When people are introduced to the Sustainable Money System (or SuMSy), an alternative monetary system that we have developed, they often react by saying that it’s nice, but they don’t think that it’s feasible.
As a matter of fact, its implementation has already started, at the European Central Bank (ECB) no less! Admittedly, their implementation is currently only for banks and it’s only a partial implementation, but this is just the beginning.
Here’s what is happening:
The ECB announced that they will restart injecting money at a rate of 20 billion euros per month. They can do this by printing money, debt free, to buy bonds from banks. These bonds have been printed by governments and are bought by commercial banks, either directly from their government or from private investors who have bought them from governments. These bonds are essentially created out of thin air and the banks trade them for money, which is also created out of thin air, for a profit of course. This profit generates a sort of guaranteed income for the banks, which is very comparable to the guaranteed income you’d get with SuMSy. The main difference is that you don’t need to go through the hassle of bonds to get your guaranteed income from SuMSy.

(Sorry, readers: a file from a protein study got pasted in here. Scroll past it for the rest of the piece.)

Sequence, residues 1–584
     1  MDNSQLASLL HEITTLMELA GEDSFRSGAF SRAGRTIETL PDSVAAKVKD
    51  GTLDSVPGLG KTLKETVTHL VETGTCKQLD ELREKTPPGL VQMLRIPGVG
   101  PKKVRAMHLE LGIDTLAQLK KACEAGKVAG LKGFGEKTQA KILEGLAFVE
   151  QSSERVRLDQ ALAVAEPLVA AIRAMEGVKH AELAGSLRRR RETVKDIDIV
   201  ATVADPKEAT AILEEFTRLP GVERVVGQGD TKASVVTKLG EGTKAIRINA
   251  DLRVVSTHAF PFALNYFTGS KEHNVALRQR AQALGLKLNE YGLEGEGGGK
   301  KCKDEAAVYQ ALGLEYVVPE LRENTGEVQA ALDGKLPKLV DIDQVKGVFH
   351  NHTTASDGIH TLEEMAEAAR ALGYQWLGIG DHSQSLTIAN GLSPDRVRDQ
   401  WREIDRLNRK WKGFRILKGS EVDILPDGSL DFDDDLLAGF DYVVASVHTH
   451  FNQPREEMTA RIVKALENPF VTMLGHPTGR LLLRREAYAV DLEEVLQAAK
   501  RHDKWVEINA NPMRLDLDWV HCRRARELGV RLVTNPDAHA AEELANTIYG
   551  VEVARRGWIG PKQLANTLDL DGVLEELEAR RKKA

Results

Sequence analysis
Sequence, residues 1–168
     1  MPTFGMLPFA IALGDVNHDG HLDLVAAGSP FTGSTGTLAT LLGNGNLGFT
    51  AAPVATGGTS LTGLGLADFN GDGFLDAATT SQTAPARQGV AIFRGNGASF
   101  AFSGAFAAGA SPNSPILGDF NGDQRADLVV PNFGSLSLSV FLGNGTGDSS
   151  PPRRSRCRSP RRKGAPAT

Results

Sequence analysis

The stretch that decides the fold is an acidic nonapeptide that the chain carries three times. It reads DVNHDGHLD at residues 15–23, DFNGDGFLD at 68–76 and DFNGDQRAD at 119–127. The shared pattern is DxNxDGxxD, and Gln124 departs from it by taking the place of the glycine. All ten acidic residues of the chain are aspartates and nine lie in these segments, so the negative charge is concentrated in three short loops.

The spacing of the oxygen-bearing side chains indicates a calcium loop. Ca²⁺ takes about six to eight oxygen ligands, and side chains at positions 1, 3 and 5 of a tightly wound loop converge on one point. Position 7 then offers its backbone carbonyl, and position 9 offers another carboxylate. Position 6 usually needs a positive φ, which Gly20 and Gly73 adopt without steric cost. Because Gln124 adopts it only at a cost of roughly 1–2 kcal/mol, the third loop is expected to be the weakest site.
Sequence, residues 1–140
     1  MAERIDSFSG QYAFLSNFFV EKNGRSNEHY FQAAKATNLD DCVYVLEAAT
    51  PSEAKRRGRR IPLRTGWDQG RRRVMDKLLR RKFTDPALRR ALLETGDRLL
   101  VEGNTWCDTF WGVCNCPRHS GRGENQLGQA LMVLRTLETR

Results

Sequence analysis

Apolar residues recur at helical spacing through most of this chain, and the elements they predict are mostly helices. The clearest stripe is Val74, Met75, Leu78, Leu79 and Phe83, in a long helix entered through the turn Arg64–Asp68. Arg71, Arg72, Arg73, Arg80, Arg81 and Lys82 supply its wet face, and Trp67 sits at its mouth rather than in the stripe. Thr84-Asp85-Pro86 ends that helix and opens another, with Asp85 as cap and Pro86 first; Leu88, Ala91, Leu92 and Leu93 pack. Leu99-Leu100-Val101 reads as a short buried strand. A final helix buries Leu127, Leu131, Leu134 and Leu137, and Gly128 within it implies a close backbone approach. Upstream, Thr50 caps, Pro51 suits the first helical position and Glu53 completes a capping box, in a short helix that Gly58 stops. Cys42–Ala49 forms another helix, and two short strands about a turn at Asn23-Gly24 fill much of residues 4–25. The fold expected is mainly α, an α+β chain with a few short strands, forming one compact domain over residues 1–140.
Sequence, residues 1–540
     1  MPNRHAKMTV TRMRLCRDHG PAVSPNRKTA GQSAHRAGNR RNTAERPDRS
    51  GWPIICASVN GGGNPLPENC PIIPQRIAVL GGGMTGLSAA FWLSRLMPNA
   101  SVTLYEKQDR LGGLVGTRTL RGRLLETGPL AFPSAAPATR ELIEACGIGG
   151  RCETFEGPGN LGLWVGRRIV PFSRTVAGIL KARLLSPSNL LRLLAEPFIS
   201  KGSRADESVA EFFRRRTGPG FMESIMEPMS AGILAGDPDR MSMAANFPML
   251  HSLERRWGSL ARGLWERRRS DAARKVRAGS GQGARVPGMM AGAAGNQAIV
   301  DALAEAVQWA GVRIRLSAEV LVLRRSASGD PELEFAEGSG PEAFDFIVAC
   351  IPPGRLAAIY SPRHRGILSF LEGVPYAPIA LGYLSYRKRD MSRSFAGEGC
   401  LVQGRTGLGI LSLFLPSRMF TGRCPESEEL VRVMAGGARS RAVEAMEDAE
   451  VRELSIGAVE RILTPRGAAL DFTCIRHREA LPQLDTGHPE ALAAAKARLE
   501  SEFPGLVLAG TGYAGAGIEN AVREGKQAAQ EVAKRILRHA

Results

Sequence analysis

The ECB charges a 0.5% negative interest rate on excess bank reserves, which is the same as the demurrage (also a type of negative interest) charged in SuMSy. This interest is used to pay for the working costs of the ECB at first and the excess is distributed throughout the member states. Let’s consider the ECB, which oversees the monetary system, and the governments, which serve their citizens, as projects for the common good. This is the same structure as in SuMSy. The difference is that these projects for the common good are more concretely defined in SuMSy, so you have a better idea of exactly where the money is going (e.g. education, healthcare, environmental care, etc.) and, when there is not enough money to execute these projects adequately, extra money can be created. Other than that, it’s the same.
The ECB announced that, in order to alleviate the effects of this negative interest (i.e., the demurrage), they will introduce a two-tier system, where the first tier is exempt from the 0.5% demurrage. This is exactly the same as the demurrage-free buffer in SuMSy.
Our thanks go to Mr. Draghi for showing us that SuMSy is not such a crazy idea after all.
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